Defensible Space

Defensible space is essential to improve your home’s chance of surviving a wildfire. It’s the buffer you create between a building on your property and the grass, trees, shrubs, or any wildland area that surround it.  

Defensible space will slow or stop the spread of wildfire and protect your home from catching fire – either from direct flame contact or radiant heat.  Defensible space is also important to help protect firefighters when they are defending your home. 

Your home may be the most valuable investment you ever make. If you live in a high-risk fire hazard area, protect against the chance of losing that investment by creating defensible space and using fire-resistant construction materials and techniques.  Creating an area of defensible space does not mean you need a ring of bare dirt around your home. Through proper planning, you can have both a beautiful landscape and a fire safe home.

Defensible Space Zones

Defensible Space zones 2019

Three zones make up the required 100 feet of defensible space.  Zone Zero extends 0-5' from structures, including the building itself, and should be completely free of combustibles.  Zone 1 begins 5' from your house and extends 30 feet away.  The most aggressive clearance is required closest to the structure.  Zone 2 lies beyond the home defense zone, extending at least 100 feet from the house or to your property line.  Greater defense zone widths may be necessary if your home is on a steep slope or in a windswept exposure.  The Access Zone, Zone 3, is adjacent to roads and driveways, 14' overhead and 10' from the edge of the roadway.  Specific recommendations for each zone are described below.



Zone Zero, sometimes referred to as the "Immediate Zone" is the area nearest your house, 0'-5', including the surfaces of the structure itself.  There should be ZERO combustibles in this zone!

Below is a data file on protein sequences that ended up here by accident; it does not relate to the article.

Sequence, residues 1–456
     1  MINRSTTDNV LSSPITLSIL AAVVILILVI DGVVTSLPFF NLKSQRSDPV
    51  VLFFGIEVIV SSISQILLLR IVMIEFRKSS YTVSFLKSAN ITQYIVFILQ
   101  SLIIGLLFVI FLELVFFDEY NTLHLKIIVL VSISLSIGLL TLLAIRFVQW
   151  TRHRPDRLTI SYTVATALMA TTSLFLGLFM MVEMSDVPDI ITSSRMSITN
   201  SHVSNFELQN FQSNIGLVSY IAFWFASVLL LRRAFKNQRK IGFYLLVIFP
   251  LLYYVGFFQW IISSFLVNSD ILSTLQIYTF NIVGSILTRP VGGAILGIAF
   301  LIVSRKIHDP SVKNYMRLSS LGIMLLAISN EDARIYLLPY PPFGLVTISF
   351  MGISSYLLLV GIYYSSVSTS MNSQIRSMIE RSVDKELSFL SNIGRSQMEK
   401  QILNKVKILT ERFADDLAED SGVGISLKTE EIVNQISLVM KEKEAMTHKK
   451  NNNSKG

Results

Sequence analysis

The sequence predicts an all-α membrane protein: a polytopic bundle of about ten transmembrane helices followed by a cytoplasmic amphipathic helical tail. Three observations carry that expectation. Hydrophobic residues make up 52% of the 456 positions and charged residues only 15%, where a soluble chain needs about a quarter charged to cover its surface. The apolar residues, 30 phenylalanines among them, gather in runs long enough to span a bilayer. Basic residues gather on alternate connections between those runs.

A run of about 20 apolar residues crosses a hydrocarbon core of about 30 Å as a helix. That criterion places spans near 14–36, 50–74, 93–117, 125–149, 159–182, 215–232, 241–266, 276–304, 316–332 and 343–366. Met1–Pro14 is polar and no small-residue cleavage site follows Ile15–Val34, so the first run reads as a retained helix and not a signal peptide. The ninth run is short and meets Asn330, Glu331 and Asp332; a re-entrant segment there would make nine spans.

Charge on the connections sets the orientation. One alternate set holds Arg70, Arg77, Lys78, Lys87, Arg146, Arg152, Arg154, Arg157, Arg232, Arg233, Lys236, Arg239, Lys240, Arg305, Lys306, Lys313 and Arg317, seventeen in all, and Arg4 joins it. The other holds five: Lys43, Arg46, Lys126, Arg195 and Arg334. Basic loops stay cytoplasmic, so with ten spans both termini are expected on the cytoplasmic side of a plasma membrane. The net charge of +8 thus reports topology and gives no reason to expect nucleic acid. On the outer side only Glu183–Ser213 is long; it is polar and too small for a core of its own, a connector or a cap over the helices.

This zone extends 0'-5' from your house.  It's the area closest to your house, including plants, decks, outdoor furniture, and the outside walls and coverings.  This area is most vulnerable and should be more aggressively maintained for fire resistance.

  • Remove combustible outdoor furniture.  Replace with metal or non-combustible varieties.
  • Replace jute or natural fiber doormats with heavy rubber or metal grates.
  • Remove or relocate all combustible materials including garbage and recycling containers, lumber, trash, and patio accessories.
  • Clean all fallen leaves and needles.
  • No vegetation is recommended within 5’ of any structure.
  • Remove tree limbs that extend into this zone.  Fire prone tree varieties should be removed if they extend into this zone.
  • Do not store firewood, lumber, or combustibles here, even (especially) under decks or overhangs.  Move stored combustibles inside or at least 30’ from any structure.
  • Use only inorganic, non-combustible mulches such as stone or gravel.
  • Hardscaping is strongly recommended around the base of structures.



Zone 1, sometimes referred to as the "home Ignition Zone" extends from your house's exterior walls to a distance of 30'.  The "Lean, Clean, and Green" zone.

This extends 0'-30' out from buildings, structures, decks, etc, and overlaps the Home Ignition Zone described above.

  • Remove all dead grasses, weeds, plants, & foliage. 
  • Remove all fallen leaves, needles, twigs, bark, cones, and small branches. 
  • Remove “Gorilla Hair” or shredded bark mulch.
  • Use only compost or heavy bark mulch to maintain soil moisture, or for erosion control.
  • Choose only fire resistant plants, and keep them healthy and well irrigated.
  • Remove fire-prone plants.
  • Provide spacing between shrubs, at least 2 times the height of the mature plant. Add space on steeper slopes.
  • Trim trees to remove limbs 6’ to 10’ from the ground.